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Dixon pay cut in new position
Sunday, July 28, 2013
Aji Dixon will receive a significant pay cut in his new position as coordinator of alternative education and dropout prevention for Martinsville City Schools, compared with his salary as principal of Martinsville High School.
That’s according to salary information schools Superintendent Pam Heath supplied after the Martinsville Bulletin filed a Freedom of Information Act request.
The Bulletin sought the information after receiving phone calls and letters to the editor questioning reasons for the transfers of Dixon and former Bassett High School Principal Garrett Dillard. Some asked if race was a factor. Both Dixon and Dillard are black; their successors are white.
Officials with the Martinsville and Henry County school divisions have said race was not a factor in either move.
Heath stated that Dixon’s salary as principal of Martinsville High School for fiscal year 2012-13, a 12-month position, effective July 1, 2012, was $80,802.
Dixon’s salary for fiscal year 2013-14 as coordinator of alternative education and dropout prevention, an 11-month position, effective Aug. 1, 2013, is $53,502, Heath stated.
“Because of his switch from a 12-month to an 11-month position, Mr. Dixon will be paid for the month of July at his 2012-13 salary. Pro-rated salary over the 12-month fiscal year 2013-2014 (equals) $60,236,” Heath stated.
Dixon could not be reached for comment.
The Martinsville School Board announced Dixon’s transfer June 24. At the same time, the board named Angie Weinerth, who had been assistant principal for instruction, as the new high school principal. Heath said Weinerth will make the same $80,802 as Dixon was paid for the principal’s job.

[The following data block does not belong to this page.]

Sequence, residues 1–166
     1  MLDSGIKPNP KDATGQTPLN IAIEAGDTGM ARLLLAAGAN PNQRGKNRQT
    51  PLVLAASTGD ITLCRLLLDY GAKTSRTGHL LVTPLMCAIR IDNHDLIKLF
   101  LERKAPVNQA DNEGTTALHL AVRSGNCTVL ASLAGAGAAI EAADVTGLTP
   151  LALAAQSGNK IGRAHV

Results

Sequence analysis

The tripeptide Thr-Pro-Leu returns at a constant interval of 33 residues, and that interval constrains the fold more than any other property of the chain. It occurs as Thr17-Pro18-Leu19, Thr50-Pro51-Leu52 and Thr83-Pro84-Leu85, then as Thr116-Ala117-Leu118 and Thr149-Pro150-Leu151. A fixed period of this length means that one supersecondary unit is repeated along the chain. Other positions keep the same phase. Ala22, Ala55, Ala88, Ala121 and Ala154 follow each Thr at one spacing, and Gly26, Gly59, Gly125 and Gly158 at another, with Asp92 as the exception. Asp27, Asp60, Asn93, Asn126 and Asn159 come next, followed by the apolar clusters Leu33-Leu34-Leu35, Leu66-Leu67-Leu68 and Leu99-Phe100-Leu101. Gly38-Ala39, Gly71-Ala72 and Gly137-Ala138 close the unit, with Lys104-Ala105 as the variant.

The reassignments were part of the regular yearly process of evaluating staff placements and “determining where a person’s talents can best be used to serve our students,” Heath said in a release at the time. “We are always looking for ways to give employees opportunities to advance within the system.”
On Friday, Heath would not elaborate on the reasons for Dixon’s transfer because she said it is a personnel matter. Other school officials have said the same thing.
Heath said at least one other employee was transferred to a job that paid less in this school year.
“Ultimately, our role here is to educate students,” she said. “My obligation as superintendent is to make sure we have programs in place and resources allocated and staff assigned in such a way to promote success in all students.
“In doing so, absolutely you want to always try to have staff be as happy as possible, but ultimately we’re here to serve the students. I have to let that be my yardstick for what I do,” she added.
The coordinator of alternative education and dropout prevention is a new position created to try a new approach for helping at-risk students, Heath said.
“We have a number of students who are at risk for not being successful at school, mostly due to poverty,” she said. “We are trying hard not to have any students fall through the cracks. We want to provide wrap-around services that we need to help all students be successful.
“When we have a struggling student who doesn’t seem to fit the traditional mold ... our responsibility is to find some way to reach out and provide the extra support they need. We have tried other ways to address that in the past that weren’t as successful. We tried to relook at this this year and see what we can do” differently, she added.
Dillard, the former Bassett High School principal, was named the county schools’ coordinator of regional alternative and student athletics in May.
His salary for 2013-14 is $85,869, the same as he made last year as Bassett’s principal, according to a school official.